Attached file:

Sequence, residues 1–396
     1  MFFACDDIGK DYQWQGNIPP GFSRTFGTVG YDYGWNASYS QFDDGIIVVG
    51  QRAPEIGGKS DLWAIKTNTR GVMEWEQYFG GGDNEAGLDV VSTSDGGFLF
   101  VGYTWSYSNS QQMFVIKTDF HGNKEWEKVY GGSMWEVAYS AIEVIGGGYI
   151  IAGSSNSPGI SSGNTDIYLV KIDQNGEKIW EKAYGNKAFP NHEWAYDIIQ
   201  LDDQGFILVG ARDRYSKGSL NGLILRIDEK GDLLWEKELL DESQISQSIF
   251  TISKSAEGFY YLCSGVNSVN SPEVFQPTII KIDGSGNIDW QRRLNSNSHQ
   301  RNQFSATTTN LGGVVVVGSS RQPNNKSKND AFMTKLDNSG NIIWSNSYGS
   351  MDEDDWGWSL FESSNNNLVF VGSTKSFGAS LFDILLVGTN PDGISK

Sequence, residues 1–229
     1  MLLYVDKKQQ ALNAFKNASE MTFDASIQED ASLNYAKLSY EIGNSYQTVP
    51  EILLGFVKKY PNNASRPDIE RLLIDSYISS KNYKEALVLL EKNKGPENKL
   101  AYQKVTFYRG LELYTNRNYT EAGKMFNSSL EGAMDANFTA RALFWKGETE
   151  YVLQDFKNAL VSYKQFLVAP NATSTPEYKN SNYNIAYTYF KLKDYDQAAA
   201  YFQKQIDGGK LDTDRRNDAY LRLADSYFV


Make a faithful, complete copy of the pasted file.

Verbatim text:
Sequence, residues 1–396
     1  MFFACDDIGK DYQWQGNIPP GFSRTFGTVG YDYGWNASYS QFDDGIIVVG
    51  QRAPEIGGKS DLWAIKTNTR GVMEWEQYFG GGDNEAGLDV VSTSDGGFLF
   101  VGYTWSYSNS QQMFVIKTDF HGNKEWEKVY GGSMWEVAYS AIEVIGGGYI
   151  IAGSSNSPGI SSGNTDIYLV KIDQNGEKIW EKAYGNKAFP NHEWAYDIIQ
   201  LDDQGFILVG ARDRYSKGSL NGLILRIDEK GDLLWEKELL DESQISQSIF
   251  TISKSAEGFY YLCSGVNSVN SPEVFQPTII KIDGSGNIDW QRRLNSNSHQ
   301  RNQFSATTTN LGGVVVVGSS RQPNNKSKND AFMTKLDNSG NIIWSNSYGS
   351  MDEDDWGWSL FESSNNNLVF VGSTKSFGAS LFDILLVGTN PDGISK

Sequence, residues 1–229
     1  MLLYVDKKQQ ALNAFKNASE MTFDASIQED ASLNYAKLSY EIGNSYQTVP
    51  EILLGFVKKY PNNASRPDIE RLLIDSYISS KNYKEALVLL EKNKGPENKL
   101  AYQKVTFYRG LELYTNRNYT EAGKMFNSSL EGAMDANFTA RALFWKGETE
   151  YVLQDFKNAL VSYKQFLVAP NATSTPEYKN SNYNIAYTYF KLKDYDQAAA
   201  YFQKQIDGGK LDTDRRNDAY LRLADSYFV